Succession Planning Best Way to Get Top Dollar For Your Business

Growing up in a small business environment, watching your parents work harder and harder to make a good life for us as children I believe that my parents probably worked too hard and didn’t give themselves the opportunity to maximize the value of their businesses before retiring.

Succession planning should start earlier, not at age 65 when people retire, but several years before in order to determine an exit strategy which either passes along the family business to the siblings or to get the businesses ready for sale.  In Canada according to a CFIB (Canadian Federation of Independent Business) 70% of small businesses owners will retire in the next 5 years.  That provides 2 business scenarios for small business owners, one, that the businesses will be hopefully passed along to one of their siblings in order to quickly deal with the succession planning issue or two, that there will be a lot of small businesses coming up for sale.

But I believe that one of the biggest hurdles to succession planning is that small business owners who have had businesses for a long period of time actually think of their businesses as being part of the family like another child and there’s the emotional tug of war on deciding to give up the business even to their children if that’s the route they choose.  The more difficult decision is to decide to sell the business to an outsider and that’s probably one of the biggest reasons why people outside the business might view it as procrastination, but to the small business owner it could be more an emotional factor.  My parents were already past retirement age when they decided to sell some of their businesses and hang onto a few others.

This delay hurts both the employees of those businesses as well as the owners in that their is a definite lack of plan of going forward and the owner’s passion has already waned and they’re no longer really interested in running their businesses, but don’t want to necessarily letting go.

These businesses have been profitable but the owners’ have had a hard time taking time away from the day to day running of the business, or taking a step back to look at their business at the 10,000 foot level and trying to setup their business to become saleable at the most attractive price.

A study released late last year by business transition specialists ROCG Americas found only one in 10 owners received a price for their business near what they wanted or expected. The primary reason given was improper or lack of planning.

ROCG conducted the survey in North America and found that businesses with revenues between $1 and 100 million said that they were either too busy to plan for a business sale or it was too early to start thinking about it, even though 84% of them said it was important to their retirement plans.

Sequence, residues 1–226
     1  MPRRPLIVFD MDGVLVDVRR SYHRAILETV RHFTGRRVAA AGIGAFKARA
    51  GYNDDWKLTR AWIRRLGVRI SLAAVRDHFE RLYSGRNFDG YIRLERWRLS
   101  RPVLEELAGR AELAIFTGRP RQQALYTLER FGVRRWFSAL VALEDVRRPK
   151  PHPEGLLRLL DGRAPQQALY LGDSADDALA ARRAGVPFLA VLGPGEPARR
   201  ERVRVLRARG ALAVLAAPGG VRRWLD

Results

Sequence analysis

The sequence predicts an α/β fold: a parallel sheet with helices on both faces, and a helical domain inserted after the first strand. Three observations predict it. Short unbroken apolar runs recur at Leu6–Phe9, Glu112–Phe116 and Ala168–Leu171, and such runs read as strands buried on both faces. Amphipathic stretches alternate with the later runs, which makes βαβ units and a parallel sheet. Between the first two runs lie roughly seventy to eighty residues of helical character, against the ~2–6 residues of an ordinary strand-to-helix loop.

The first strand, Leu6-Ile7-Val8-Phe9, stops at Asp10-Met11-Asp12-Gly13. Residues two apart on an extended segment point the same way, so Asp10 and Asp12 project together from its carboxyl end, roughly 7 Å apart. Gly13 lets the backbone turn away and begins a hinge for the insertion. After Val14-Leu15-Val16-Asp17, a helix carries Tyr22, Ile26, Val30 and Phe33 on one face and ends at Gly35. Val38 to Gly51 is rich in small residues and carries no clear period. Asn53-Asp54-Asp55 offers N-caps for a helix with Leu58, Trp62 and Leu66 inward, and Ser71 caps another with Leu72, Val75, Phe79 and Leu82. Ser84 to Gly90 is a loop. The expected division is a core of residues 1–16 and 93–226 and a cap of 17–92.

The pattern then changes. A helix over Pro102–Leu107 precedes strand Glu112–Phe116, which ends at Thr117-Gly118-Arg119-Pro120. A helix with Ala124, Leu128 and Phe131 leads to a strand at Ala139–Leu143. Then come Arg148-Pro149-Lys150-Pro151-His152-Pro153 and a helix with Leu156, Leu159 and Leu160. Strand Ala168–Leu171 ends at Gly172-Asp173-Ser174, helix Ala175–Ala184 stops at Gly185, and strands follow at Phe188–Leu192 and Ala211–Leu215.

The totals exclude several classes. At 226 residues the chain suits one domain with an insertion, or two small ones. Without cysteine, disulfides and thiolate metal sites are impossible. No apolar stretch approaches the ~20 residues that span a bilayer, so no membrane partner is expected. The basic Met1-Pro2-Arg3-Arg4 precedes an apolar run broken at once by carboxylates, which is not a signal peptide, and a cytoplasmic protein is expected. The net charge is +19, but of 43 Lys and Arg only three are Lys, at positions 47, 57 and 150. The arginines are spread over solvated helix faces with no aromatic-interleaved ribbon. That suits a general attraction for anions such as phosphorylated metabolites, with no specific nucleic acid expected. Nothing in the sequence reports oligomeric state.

“Many business owners are not aware of the complexity involved in the succession planning process, particularly in executing a divestiture transaction,” says Michele Middlemore, vice-president of Aon Corp.’s M&A Transaction Advisory Group. “Almost always, they underestimate the time and work and difficulty involved in getting something like that done. More often than not, they tend to postpone dealing with it and are not prepared adequately when the time is upon them.”

Businesses should be planning 2 or 3 years in advance for the divestiture.

One of the big ideas to put in place is the movement of the value of the business is from the business owner to that of the business itself.   Since small business owners are generally the drivers of the business, it’s usually been in the sales and marketing roles and this is one of the areas which has to be transitioned over to the company.  This is easier said than done, in that one quite often that there isn’t the bench strength to take over and this has to be brought into the company.  Their might be changes in technology which might be needed to brought into the company as well to allow to compete better.

One can look at the succession planning in a way is like embarking on a new business plan and here a corporate financial advisor can help with getting an independent valuation of a business to let owners know where the strengths and weaknesses lie and what to expect as a potential starting point for a dollar value of a business sale.

According to the Business Development Bank of Canada, business succession is a process that requires thought, planning and time to arrange and execute: “Whatever your definition of success, making the commitment to let go of the business and place it in the hands of someone else is perhaps the critical factor that ensures your business transition goes smoothly and profitably,” the bank notes.

Just remember though that succession planning shouldn’t be determined by what the economy is doing or the stock markets, but by personal circumstance, if you’re ready to retire, then you should be planning for it in advance by 2 to 3 years.  The process is a complex one and is similar to building a new business plan, except that you’re trying to help build for the next set of owners’ to succeed and by doing so you and your family will get top dollar for your business you have built over the years.

Written by Richard Wong, CMA [email protected]